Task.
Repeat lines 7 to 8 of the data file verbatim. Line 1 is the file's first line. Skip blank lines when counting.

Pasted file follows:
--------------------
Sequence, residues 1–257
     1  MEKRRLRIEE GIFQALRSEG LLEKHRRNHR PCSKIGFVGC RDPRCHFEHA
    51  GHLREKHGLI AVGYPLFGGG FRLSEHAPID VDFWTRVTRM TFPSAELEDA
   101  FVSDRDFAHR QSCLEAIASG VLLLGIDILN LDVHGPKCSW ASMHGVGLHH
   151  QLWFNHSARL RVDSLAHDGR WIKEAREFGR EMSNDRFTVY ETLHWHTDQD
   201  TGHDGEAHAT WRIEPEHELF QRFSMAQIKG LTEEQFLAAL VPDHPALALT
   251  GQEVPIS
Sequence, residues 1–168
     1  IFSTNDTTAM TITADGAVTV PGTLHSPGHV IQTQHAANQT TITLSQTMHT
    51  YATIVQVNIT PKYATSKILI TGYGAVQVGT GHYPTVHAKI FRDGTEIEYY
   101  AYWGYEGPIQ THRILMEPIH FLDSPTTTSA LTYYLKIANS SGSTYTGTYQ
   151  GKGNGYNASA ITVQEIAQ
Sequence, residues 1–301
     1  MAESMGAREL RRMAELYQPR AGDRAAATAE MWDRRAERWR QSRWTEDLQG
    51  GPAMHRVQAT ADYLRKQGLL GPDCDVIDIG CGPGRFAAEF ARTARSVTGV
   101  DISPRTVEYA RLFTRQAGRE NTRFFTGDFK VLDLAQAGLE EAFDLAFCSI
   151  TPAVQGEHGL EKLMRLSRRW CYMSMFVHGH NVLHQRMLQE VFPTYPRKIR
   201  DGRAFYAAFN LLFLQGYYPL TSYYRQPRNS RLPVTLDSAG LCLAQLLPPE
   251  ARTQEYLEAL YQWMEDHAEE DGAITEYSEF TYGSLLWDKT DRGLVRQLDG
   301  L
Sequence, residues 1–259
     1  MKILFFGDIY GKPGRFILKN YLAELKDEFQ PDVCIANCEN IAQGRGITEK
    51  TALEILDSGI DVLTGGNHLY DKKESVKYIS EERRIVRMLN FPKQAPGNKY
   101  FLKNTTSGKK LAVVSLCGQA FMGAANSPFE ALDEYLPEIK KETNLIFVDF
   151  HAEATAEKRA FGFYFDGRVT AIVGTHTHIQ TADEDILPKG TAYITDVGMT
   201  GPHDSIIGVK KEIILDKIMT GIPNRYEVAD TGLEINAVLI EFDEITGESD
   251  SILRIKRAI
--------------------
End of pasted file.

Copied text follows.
   251  GQEVPIS
Sequence, residues 1–168